More Doors Closing For Canadians Who Are Studying Medicine Abroad

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Canadians, who studied medicine abroad and face many barriers to return home to train, are now facing even more significant barriers from provincial Ministries of Health in taking their residency training in the United States.

Fewer approvals are being granted to new medical graduates.  Worse yet, some medical residents already in training in the US may be forced to return to Canada before they have the training that they need to qualify to practice medicine in Canada.

Most international medical graduates work as resident physicians in the US hospitals under a J-1 visa.  American immigration law requires that for a Canadian to qualify for a J-1 visa which is intended for educational exchange, he must get a Statement of Need from Health Canada whereby Canada confirms that there is a need for medical doctors in our country.  Since 2013 the provincial Ministries of Health have been directing Health Canada to restrict the number of Statements of Needs.  The 2016 directive made public recently by Health Canada has signalled that the door for training in the US is closing.  The loudest slam came from Ontario which refused to endorse any Statements of Needs.

At this time those most harmed by the new policy, are resident physicians already training in the USA in disciplines where the training required for qualifying in the US is shorter than that required to qualify in Canada.  Internal medicine and pediatrics are examples where the US trains for 3 years, but Canada requires 4 years.  Most Canadians who study in these disciplines make up this discrepancy by training in a subspecialty.  But that door is closed.  Health Canada states that it will not endorse Statements of Need for training in subspecialties unless the program is only one year such as geriatrics or palliative care.  The result is that avenues to finish training in the US are substantially reduced and many Canadian resident physicians will likely be unable to extend their J-1 visas.  They will have to leave the US for a minimum of 2 years or try to obtain a visa which is designed for immigration which are very difficult to obtain.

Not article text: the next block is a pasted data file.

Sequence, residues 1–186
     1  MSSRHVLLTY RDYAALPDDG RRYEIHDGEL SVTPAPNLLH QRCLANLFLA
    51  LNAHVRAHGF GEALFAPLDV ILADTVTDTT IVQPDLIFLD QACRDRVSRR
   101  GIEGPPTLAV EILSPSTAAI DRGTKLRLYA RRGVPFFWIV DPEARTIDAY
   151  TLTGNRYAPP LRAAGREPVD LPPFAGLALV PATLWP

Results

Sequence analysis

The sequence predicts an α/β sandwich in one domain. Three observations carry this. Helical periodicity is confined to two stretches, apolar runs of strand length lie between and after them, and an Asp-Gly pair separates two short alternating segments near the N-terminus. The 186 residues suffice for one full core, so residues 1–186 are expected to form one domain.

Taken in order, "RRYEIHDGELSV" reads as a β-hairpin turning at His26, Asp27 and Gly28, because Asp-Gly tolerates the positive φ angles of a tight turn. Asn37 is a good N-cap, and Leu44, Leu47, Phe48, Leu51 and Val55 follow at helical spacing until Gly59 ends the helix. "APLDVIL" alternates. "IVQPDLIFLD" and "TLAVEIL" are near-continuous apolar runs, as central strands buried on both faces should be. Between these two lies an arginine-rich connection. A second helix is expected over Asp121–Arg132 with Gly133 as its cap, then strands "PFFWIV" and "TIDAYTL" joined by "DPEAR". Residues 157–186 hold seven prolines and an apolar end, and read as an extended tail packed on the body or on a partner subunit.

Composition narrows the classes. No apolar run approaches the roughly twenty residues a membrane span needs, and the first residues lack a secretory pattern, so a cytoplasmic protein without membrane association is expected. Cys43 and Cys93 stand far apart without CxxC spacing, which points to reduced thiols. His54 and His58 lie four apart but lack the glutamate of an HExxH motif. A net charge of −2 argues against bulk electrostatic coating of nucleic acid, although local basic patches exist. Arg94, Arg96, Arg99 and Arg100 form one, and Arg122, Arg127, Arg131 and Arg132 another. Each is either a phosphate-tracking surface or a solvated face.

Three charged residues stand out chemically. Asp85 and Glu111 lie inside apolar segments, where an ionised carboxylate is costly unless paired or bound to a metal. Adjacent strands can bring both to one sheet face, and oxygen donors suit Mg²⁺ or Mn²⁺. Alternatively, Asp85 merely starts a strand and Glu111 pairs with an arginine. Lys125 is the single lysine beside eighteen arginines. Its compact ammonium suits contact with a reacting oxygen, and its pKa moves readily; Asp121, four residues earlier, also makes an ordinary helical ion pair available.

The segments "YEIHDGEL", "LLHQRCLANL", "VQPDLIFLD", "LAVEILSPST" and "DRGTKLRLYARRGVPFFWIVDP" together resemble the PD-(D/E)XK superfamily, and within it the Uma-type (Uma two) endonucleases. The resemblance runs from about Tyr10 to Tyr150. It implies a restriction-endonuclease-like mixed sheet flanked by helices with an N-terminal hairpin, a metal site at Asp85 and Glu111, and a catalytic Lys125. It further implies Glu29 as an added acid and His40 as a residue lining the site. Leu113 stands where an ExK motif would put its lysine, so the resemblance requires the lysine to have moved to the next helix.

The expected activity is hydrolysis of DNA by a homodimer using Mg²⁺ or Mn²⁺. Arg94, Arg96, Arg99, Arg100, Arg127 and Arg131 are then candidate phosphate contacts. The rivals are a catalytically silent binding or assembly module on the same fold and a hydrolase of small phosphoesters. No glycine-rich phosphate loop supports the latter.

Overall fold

There are no one year training programs in British Columbia to allow these doctors to finish training.  They cannot start over again in Canada because having undergone training in the US disqualifies them from competing in the Canadian matching competition.

Although there are some possible avenues to complete the one year of required training in other provinces like Ontario and New Brunswick, such opportunities are extremely scarce.

There are approximately 668 Canadians currently training in the US in internal medicine and pediatrics.  There are approximately 488 training in family medicine which has a longer training period than Canada.

The Health Canada List of Statements of Needs and policy is found at:  http://www.hc-sc.gc.ca/…/postgrad-…/cat_b-list-liste-eng.php.

The Society for Canadians Studying Medicine Abroad (SOCASMA) is having a meeting to address this and other issues facing Canadians who studied medicine in international schools.  The meeting is on Tuesday, August 18, 2015 at 7:00 pm at 4595 West 8th Avenue, in Vancouver, BC.